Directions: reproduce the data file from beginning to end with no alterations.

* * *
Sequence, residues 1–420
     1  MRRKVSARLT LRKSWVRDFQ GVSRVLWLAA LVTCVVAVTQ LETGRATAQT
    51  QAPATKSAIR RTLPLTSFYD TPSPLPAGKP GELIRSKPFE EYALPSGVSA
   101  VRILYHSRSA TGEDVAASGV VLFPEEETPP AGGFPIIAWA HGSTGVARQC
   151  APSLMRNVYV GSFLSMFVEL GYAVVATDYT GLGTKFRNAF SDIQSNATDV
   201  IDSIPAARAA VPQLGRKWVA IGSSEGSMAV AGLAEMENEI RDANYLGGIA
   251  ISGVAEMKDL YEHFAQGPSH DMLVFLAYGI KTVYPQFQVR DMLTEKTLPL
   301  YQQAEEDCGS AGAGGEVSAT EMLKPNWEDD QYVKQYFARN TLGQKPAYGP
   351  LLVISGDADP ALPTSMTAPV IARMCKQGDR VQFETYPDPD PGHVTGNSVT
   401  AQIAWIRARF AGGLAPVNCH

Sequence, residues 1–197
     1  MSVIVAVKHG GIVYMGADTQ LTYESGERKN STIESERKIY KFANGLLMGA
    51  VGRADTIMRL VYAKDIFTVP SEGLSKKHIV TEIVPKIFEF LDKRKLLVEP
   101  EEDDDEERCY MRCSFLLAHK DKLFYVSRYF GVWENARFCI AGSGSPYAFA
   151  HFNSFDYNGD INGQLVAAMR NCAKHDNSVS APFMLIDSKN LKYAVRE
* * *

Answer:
Sequence, residues 1–420
     1  MRRKVSARLT LRKSWVRDFQ GVSRVLWLAA LVTCVVAVTQ LETGRATAQT
    51  QAPATKSAIR RTLPLTSFYD TPSPLPAGKP GELIRSKPFE EYALPSGVSA
   101  VRILYHSRSA TGEDVAASGV VLFPEEETPP AGGFPIIAWA HGSTGVARQC
   151  APSLMRNVYV GSFLSMFVEL GYAVVATDYT GLGTKFRNAF SDIQSNATDV
   201  IDSIPAARAA VPQLGRKWVA IGSSEGSMAV AGLAEMENEI RDANYLGGIA
   251  ISGVAEMKDL YEHFAQGPSH DMLVFLAYGI KTVYPQFQVR DMLTEKTLPL
   301  YQQAEEDCGS AGAGGEVSAT EMLKPNWEDD QYVKQYFARN TLGQKPAYGP
   351  LLVISGDADP ALPTSMTAPV IARMCKQGDR VQFETYPDPD PGHVTGNSVT
   401  AQIAWIRARF AGGLAPVNCH

Sequence, residues 1–197
     1  MSVIVAVKHG GIVYMGADTQ LTYESGERKN STIESERKIY KFANGLLMGA
    51  VGRADTIMRL VYAKDIFTVP SEGLSKKHIV TEIVPKIFEF LDKRKLLVEP
   101  EEDDDEERCY MRCSFLLAHK DKLFYVSRYF GVWENARFCI AGSGSPYAFA
   151  HFNSFDYNGD INGQLVAAMR NCAKHDNSVS APFMLIDSKN LKYAVRE